Institutions collaborate with professional organizations or associations to identify and vet potential preceptors, too. These organizations often have standards and guidelines for preceptorship that align with educational objectives, and usually can provide references. 

By implementing feedback and having an organized system for measurement, colleges ensure that preceptors are both qualified and effective mentors who serve as an extension of the university for students in their respective fields.

Using software to automate the site vetting process

A lot of the preceptor nomination, evaluation, and verification processes take place via email and zip folders. This can create really thick bottlenecks in the process when you deal with hundreds of students, and several of them may want to nominate a preceptor and site not currently approved in a university system.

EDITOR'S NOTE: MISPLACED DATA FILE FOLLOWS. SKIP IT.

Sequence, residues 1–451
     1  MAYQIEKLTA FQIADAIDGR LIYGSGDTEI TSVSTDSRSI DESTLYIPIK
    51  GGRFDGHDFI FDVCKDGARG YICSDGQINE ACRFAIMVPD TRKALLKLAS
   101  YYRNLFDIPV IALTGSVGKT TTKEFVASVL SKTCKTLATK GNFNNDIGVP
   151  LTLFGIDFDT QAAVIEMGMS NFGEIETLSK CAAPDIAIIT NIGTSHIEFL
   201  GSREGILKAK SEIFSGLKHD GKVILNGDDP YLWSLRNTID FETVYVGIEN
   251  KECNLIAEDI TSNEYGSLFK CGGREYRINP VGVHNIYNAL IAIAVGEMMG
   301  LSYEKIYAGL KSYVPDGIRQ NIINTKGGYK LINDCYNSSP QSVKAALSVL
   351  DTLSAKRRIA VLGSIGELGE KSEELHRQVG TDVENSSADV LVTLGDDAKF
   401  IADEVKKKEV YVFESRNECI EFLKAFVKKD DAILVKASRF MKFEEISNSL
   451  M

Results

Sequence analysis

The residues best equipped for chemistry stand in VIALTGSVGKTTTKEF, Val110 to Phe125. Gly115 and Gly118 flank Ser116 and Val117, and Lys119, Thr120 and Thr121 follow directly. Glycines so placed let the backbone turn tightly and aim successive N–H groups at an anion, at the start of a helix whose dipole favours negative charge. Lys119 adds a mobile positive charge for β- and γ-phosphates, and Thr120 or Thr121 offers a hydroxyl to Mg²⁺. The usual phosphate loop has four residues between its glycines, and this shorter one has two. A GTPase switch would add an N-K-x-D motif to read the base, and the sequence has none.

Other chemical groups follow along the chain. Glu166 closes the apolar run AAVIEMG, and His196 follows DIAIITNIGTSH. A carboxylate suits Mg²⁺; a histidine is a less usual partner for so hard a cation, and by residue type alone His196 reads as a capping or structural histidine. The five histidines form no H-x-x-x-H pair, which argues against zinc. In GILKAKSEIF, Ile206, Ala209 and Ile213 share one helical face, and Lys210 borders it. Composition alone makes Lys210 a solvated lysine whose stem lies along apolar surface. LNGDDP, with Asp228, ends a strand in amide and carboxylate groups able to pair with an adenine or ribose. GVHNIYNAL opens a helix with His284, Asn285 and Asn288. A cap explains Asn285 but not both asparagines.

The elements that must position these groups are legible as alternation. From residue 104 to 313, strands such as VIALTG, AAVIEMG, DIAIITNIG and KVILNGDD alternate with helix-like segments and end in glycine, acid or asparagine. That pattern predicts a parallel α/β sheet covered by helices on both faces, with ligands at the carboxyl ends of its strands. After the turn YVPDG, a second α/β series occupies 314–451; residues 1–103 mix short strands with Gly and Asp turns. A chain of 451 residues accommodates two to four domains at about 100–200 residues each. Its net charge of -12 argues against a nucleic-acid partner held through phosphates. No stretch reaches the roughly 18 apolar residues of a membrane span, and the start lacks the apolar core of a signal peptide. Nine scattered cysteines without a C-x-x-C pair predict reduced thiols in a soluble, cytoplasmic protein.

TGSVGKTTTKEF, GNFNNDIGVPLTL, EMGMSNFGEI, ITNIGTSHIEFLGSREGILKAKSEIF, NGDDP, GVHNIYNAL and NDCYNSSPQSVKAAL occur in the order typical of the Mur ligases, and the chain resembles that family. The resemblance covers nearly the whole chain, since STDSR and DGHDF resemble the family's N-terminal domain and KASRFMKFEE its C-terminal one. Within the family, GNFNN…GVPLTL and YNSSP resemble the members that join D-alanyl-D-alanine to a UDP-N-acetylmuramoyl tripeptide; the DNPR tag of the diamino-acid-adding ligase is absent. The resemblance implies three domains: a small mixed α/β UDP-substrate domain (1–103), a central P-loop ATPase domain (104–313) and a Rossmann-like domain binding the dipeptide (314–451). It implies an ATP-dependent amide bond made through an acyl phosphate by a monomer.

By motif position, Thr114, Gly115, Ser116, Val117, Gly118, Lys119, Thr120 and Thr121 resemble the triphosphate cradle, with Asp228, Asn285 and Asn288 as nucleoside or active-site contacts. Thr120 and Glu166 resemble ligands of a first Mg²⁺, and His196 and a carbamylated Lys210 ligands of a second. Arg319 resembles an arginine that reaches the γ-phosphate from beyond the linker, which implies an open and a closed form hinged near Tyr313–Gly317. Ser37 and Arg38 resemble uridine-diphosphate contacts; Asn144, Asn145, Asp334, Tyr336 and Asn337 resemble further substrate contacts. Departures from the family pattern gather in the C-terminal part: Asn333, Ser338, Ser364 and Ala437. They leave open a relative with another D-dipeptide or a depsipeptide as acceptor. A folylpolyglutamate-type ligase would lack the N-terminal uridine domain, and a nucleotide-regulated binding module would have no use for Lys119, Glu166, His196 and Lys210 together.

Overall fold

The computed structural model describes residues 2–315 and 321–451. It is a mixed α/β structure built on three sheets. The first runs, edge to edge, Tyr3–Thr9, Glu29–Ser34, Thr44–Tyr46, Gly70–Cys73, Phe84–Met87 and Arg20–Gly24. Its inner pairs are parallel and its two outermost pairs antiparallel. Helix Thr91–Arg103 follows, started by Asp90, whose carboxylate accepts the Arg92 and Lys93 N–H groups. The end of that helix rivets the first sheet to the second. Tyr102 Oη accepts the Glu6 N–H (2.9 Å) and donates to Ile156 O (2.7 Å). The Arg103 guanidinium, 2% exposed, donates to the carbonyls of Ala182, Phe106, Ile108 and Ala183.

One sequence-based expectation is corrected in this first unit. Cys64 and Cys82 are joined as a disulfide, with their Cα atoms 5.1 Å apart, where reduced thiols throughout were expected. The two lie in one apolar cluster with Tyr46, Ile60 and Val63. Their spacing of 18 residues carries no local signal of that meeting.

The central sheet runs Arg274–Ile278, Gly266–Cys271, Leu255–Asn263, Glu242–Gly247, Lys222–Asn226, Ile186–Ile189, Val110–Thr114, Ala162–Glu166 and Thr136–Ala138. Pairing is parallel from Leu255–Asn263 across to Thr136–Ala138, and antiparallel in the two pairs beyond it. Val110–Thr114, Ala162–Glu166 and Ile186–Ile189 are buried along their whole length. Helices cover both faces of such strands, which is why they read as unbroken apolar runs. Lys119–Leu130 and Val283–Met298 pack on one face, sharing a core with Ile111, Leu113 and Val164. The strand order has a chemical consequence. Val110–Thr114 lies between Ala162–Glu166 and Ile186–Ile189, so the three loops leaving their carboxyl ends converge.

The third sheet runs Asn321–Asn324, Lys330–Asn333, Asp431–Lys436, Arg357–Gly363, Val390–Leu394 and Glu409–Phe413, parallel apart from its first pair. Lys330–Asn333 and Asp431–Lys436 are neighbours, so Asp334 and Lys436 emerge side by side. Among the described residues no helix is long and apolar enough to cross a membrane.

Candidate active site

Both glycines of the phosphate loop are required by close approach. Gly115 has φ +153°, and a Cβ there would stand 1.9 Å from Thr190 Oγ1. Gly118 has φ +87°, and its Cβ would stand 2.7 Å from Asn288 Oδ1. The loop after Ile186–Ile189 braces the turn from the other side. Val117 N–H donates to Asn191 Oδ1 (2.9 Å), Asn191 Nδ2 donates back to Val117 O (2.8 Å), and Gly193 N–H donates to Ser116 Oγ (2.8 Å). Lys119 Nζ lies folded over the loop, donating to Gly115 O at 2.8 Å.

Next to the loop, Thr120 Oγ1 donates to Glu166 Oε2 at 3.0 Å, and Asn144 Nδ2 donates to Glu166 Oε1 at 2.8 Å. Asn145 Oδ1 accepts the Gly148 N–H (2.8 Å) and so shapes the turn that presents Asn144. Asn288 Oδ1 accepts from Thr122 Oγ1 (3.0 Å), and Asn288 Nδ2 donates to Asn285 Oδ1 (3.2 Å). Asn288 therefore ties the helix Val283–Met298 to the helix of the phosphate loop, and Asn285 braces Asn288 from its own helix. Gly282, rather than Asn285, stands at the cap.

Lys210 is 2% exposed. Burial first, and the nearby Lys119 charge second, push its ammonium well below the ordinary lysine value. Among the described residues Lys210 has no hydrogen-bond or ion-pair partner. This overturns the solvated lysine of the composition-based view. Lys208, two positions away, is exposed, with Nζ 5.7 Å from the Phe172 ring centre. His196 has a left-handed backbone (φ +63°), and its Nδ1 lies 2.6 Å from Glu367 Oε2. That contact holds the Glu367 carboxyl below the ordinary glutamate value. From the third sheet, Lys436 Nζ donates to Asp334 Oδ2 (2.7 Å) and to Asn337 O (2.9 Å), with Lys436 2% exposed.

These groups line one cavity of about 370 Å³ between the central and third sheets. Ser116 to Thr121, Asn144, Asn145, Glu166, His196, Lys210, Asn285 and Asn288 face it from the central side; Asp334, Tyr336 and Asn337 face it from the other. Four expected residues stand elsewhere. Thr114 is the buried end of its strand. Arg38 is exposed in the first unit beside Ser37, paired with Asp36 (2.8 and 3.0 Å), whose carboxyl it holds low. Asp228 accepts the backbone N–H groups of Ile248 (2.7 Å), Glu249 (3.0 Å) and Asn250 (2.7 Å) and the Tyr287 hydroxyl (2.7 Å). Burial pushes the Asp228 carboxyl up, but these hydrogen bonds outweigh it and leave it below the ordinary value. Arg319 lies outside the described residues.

This process, for example, from Walden University, invites a lot of interpretation as to the process itself and how things get tracked once submitted.

Fortunately, you do now have more software options at your disposal to make this process more visibility and manageable for each stakeholder.

ELMS by CORE Higher Education Group has a specific module called Site Prospector that accomplishes exactly that:  Make the nomination, evaluation, and verification process a single pane process for faculty, student, and preceptor. 

Connect with a team member to learn about CORE solutions